“We can expect within the next year to see smaller, shorter-running products in these markets, which will be auctioned in a shorter timeframe,” he said.
German grid-scale energy storage applications, in MWh. Source: Energy Storage Update analysis of US Department of Energy data.
For primary frequency control, which is the main market for grid-scale battery plants in Germany today, no changes are expected in the short or mid-term.
“In early papers, the German government mentioned an interest in changing the product design here as well,” Hiersemenzel said, but “this seems to be off the table for now.”
On the contrary, the government’s whitepaper on the changes highlights that battery plants could have an important role in grid balancing and help optimize local grids in the future.
This will be achieved through pricing signals rather than support mechanisms, but “the current legislative process very clearly sees a strong role for batteries in the future energy system,” Hiersemenzel said.
Currently, the German energy storage market is not regulated. There is no general funding or subsidies in the country for large power plants, either, according to Stefan Müller, chief operating officer of the solar and storage developer Enerparc.
This means grid-scale energy storage plants have to be able to stand on their own merits.
Providing primary grid balancing services is one area where the technology is competitive, but in general “it is difficult to measure the commercial benefit,” Müller said.
The installed battery capacity for primary control provision in Germany has increased from about 1 MW in 2012 to roughly 27 MW in 2015, and will keep on rising, according to Germany Trade & Invest projections.
Installed battery capacity in Germany for primary control provision. Further projects to be realized in 2015 are currently under development. Source: Germany Trade & Invest; IEK-STE Database, 2015.
Rise in home storage
The situation is somewhat different in the residential energy storage market. Here, too, there is no specific regulation, but incentives exist.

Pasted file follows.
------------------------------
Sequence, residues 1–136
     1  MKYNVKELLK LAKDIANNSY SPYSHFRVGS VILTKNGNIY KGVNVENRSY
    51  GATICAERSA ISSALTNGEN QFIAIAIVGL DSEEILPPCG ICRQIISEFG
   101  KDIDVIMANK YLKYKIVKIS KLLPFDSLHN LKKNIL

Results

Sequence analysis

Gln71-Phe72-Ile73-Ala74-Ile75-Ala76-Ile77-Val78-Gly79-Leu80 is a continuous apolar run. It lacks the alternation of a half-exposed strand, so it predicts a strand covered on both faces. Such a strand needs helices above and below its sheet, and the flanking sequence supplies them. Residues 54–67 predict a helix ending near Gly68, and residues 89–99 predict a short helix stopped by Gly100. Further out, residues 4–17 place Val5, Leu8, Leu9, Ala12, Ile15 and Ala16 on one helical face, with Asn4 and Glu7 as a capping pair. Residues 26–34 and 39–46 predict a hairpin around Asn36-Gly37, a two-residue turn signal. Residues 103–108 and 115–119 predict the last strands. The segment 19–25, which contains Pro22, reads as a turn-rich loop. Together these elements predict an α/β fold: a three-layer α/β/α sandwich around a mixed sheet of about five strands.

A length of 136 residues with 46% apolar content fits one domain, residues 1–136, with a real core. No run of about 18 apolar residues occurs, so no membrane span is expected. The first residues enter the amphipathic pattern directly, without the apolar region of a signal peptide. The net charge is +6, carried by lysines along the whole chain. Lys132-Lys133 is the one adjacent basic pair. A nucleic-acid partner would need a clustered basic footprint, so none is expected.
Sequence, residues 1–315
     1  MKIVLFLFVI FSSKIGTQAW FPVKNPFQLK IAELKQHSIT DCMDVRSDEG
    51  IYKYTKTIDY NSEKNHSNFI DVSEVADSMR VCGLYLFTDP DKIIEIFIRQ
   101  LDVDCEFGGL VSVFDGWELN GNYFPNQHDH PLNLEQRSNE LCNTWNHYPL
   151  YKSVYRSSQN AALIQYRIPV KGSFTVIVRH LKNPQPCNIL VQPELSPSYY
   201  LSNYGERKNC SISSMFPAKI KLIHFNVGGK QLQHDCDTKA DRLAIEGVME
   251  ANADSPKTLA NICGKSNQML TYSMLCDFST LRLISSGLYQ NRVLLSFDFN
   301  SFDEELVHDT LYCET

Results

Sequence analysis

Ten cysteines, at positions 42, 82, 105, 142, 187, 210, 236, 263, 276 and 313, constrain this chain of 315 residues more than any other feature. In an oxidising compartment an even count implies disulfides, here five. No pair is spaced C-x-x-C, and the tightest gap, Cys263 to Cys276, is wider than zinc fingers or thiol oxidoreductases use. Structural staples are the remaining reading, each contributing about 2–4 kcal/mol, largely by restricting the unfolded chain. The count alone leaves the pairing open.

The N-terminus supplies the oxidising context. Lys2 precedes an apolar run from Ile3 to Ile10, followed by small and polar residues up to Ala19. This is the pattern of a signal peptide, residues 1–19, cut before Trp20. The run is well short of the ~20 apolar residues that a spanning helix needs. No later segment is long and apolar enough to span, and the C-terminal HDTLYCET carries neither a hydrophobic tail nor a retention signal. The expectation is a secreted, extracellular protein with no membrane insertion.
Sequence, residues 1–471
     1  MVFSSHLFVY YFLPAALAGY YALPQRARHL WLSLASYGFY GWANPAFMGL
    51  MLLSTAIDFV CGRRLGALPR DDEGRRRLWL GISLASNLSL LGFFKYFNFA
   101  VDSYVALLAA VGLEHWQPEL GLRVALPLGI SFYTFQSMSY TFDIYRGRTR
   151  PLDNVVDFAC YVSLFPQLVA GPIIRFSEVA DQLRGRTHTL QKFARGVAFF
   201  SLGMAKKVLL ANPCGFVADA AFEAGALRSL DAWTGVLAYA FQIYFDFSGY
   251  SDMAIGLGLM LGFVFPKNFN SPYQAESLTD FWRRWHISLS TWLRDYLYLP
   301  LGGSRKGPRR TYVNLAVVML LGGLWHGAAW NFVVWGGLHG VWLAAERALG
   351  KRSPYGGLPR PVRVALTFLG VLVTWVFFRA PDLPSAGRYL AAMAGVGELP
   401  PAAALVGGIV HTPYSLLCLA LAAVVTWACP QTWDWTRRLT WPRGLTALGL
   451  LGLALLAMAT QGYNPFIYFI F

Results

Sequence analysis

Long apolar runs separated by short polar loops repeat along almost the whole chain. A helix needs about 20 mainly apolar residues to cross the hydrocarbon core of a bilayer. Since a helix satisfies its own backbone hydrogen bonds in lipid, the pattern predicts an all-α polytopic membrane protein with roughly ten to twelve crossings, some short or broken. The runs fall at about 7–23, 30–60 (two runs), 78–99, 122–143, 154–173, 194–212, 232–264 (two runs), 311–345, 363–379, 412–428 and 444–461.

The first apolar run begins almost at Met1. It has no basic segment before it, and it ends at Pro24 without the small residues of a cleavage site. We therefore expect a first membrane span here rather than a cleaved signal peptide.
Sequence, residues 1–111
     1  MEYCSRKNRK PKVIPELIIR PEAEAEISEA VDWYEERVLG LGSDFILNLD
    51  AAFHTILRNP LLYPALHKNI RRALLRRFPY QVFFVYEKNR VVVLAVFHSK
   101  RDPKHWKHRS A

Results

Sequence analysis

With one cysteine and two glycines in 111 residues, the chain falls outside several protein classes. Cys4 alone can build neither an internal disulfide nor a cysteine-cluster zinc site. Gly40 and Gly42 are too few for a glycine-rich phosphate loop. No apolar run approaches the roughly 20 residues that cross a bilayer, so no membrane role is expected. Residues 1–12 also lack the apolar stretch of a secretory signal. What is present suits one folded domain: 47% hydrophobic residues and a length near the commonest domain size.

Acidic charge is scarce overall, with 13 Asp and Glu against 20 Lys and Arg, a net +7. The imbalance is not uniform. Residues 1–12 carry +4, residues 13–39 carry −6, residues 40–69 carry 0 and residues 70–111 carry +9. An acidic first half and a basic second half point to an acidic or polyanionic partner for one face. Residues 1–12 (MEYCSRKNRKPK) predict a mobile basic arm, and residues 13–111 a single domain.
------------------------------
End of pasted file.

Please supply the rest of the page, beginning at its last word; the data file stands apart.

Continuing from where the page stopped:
In particular, homeowners can buy battery systems with a loan from KfW, the German government-owned development bank, and benefit from a subsidy that amounts to up to 30% of the cost.
About 50% of residential battery customers in Germany have taken advantage of the offer, Rothacher said. This has helped boost the residential market from almost zero installations two years ago to around 1,000 a month at present. By the end of the year, up to 13,000 residential battery systems are predicted to be installed across Germany.
The KfW loans are “linked to demanding technical requirements,” according to KfW. “This ensures that funding is only provided for high-quality products.”
In addition, the systems must be set to reduce pressure on the transmission infrastructure so that peak production from a PV installation is not fed into the grid at midday but is instead stored in batteries for later use. A maximum of 60% of PV output is allowed to be fed directly onto the grid.
These setups typically mean that between 60% and 80% of participating customers’ supply is independent of grid supply, according to Rothacher.
Even so, he said, residential battery storage is “not really economical right now” and is largely “emotionally driven.”
Even with KfW subsidies, the payback time for a typical battery system in Germany is around 14 years, which may be longer than the lifespan of the batteries.
“These people have money. But we are seeing a shift from an emotion-driven, idealistic customer segment to a mass market,” Rothacher said.
By Jason Deign